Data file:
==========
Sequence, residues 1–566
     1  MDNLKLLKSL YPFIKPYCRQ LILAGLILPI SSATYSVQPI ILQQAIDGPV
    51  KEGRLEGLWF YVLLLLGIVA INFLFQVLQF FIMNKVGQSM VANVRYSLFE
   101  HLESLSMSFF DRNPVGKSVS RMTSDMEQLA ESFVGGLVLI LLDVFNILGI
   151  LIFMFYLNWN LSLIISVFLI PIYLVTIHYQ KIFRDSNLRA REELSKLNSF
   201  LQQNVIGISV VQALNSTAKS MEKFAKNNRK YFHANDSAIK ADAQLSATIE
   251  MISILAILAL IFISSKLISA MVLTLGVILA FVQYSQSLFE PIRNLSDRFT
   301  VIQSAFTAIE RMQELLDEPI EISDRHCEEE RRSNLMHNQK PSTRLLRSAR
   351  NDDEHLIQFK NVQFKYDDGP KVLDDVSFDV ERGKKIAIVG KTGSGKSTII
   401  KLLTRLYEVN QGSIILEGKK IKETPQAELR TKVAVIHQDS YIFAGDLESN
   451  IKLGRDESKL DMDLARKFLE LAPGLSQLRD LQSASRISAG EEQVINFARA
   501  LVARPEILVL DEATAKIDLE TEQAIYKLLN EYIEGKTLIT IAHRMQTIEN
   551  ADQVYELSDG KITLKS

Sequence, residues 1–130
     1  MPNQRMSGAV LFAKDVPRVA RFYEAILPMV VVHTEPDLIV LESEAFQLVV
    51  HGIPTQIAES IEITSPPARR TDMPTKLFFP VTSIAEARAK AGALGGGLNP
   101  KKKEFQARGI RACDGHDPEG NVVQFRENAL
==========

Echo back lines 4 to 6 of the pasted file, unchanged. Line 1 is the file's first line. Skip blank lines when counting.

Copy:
   101  HLESLSMSFF DRNPVGKSVS RMTSDMEQLA ESFVGGLVLI LLDVFNILGI
   151  LIFMFYLNWN LSLIISVFLI PIYLVTIHYQ KIFRDSNLRA REELSKLNSF
   201  LQQNVIGISV VQALNSTAKS MEKFAKNNRK YFHANDSAIK ADAQLSATIE